7 Effective Ways to Communicate Effectively With Employees During a Crisis

7 Effective Ways to Communicate Effectively With Employees During a Crisis

The current COVID-19 pandemic has exposed many businesses to a lot of uncertainties ranging from a decline in sales to a ‘work-from-home environment. This pandemic, like other turbulences, causes a lot of anxiety and loss of focus in any environment typically.

This turmoil and dynamic have changed the internal communication perspective for most of the brands across the world.

It is at turbulent times like this that a leader needs to stand and offer the much-needed guidance in steering the ship. It is at this point that internal communication becomes key.

How To Communicate Effectively With Employees During a Crisis

As a leader, you should be able to dispel fears and encourage your team to stay on course amidst the storm. Here are the best ways to manage internal communication during turbulent times.

1. Use The Power of Repetition

It is prudent that a leader communicates clearly, honestly, and as many times as possible to their team during turbulent times.

Passing clear information not only dispels fear eventually but also ensures that all the staff knows about the considerations being made by the top managers and the likely impact of the same on the team.

Ensure that the message is repeated to the team severally and through all the forms possible, which could include memos, email, individual letters, and presentations during meetings.

Repeating the message ensures that it becomes a buzzing agenda among the staff and networks, thus the information sticks.

2. Always Seek feedback

In any communication setting, and most definitely during turbulent times, always seek to get employee feedback on an issue.

As it is commonly said, communication is not complete without feedback. After delivering your message in whatever form clarifying on a situation, always give room for feedback.

The other way round could also work in certain situations. Allow the team, especially during meetings, to give their views over an issue freely without stating their mind from the onset.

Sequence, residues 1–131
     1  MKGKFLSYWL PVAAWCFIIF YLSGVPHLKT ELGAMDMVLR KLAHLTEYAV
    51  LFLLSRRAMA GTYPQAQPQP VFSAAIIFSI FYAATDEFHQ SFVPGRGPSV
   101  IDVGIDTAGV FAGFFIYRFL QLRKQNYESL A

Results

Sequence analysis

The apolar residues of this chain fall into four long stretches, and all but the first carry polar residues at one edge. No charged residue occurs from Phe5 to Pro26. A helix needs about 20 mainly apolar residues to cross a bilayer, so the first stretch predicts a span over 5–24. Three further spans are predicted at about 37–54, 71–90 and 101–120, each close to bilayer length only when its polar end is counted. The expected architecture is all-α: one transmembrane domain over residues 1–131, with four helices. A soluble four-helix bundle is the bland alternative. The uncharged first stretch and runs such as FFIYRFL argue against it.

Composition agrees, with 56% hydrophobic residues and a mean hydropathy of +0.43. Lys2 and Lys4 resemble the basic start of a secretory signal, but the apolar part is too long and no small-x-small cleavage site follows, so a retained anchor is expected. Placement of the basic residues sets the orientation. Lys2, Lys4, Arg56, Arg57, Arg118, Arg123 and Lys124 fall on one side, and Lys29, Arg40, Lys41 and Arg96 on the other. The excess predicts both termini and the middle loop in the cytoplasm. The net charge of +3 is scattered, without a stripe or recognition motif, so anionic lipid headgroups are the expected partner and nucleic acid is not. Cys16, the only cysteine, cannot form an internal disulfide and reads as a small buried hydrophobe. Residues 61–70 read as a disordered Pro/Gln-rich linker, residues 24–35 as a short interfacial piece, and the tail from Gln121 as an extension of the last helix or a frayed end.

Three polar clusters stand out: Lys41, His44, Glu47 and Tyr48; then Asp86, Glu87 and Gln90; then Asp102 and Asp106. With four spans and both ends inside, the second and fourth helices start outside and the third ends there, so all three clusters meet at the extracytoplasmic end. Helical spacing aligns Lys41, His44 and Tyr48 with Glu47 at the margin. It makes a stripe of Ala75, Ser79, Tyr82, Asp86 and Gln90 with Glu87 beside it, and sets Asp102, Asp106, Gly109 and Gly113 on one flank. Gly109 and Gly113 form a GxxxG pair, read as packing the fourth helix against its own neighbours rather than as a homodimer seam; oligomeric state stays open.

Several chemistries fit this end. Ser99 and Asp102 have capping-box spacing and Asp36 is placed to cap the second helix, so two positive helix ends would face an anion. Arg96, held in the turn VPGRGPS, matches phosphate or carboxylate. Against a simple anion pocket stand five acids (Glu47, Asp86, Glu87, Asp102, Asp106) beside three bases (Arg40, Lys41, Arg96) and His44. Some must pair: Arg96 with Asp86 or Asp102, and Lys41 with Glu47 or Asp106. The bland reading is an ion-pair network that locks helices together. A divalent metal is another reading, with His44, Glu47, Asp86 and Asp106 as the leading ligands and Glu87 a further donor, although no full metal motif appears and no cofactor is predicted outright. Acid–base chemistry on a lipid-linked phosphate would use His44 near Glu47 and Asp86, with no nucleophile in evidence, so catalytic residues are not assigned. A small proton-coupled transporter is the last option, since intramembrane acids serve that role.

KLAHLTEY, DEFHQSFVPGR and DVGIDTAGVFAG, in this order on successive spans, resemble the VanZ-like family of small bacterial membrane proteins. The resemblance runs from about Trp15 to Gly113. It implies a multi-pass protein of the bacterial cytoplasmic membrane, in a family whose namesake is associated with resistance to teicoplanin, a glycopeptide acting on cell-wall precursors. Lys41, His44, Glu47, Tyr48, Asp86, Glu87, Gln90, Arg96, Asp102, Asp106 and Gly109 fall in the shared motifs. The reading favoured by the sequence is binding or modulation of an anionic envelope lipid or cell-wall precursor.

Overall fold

From their feedback, you might find critical points to add to your intended message.

Research shows that internal teams tend to be very productive and share common goals or visions when allowed to give feedback.

You should not only seek feedback as a formality, but the management needs to ensure that the feedback is incorporated into an action plan.

3. Control Distortion of Your Message

Nothing worries more than having your team misunderstanding your message simply because an employee got the wrong impression from the initial instance.

Mostly this occurs when there is a drastic change in the organization due to a prevailing circumstance. To prevent this, ensure that you control how other members perceive your message and pass it along to others in the following ways;

4. Do not lose that sense of humor

To avert your message from being distorted by your colleagues as it is passed from one staff to another, ensure that you make it enjoyable.

Incorporate a strategy such as analogies in your messaging to capture the attention of the team. It also ensures that the message is more likely to be preserved.

Communicate Effectively With Employees During a Crisis

5. Employ the KISS strategy

To be clearly understood by the team, ensure that your message follows the KISS strategy: Keep It Short and Simple (KISS).

As you speak, remember that your audience will not be able to remember everything you say. If possible, keep your briefs and feedback short and memorable. It is tough to distort information that is short and concise.

6. Steer Clear of Negative Tone

During certain turbulent times, it might not be easy to pass information to the team. You might be facing a period of downsizing in the company or trying to pick up pieces from an error that has cost the organization.

Despite this, ensure that you steer clear of the negative tone in your messaging. Researches show that as human beings, we tend to remember negative things or occurrences compared to positive ones.

Through this strategy, you avert situations where your message is taken to mean a dress down, or out-rightly being bossy.

7. Employ an Air of Being Proactive

In your communication with the team, ensure that you state what you want. Always envision the result in mind as you craft your message.

In your replies to the queries raised during the feedback session, only state what you think is essential.

It ensures that whatever your team will remember and pass on to other staff are only the essential pointers.

In conclusion, times of turbulence at times throw staff and team leaders off the radar. However, you must provide clear guidelines and reassurances to keep your team focused. Ensure that you only communicate what is essential, repeat it often, and be always available to provide much-needed guidance.

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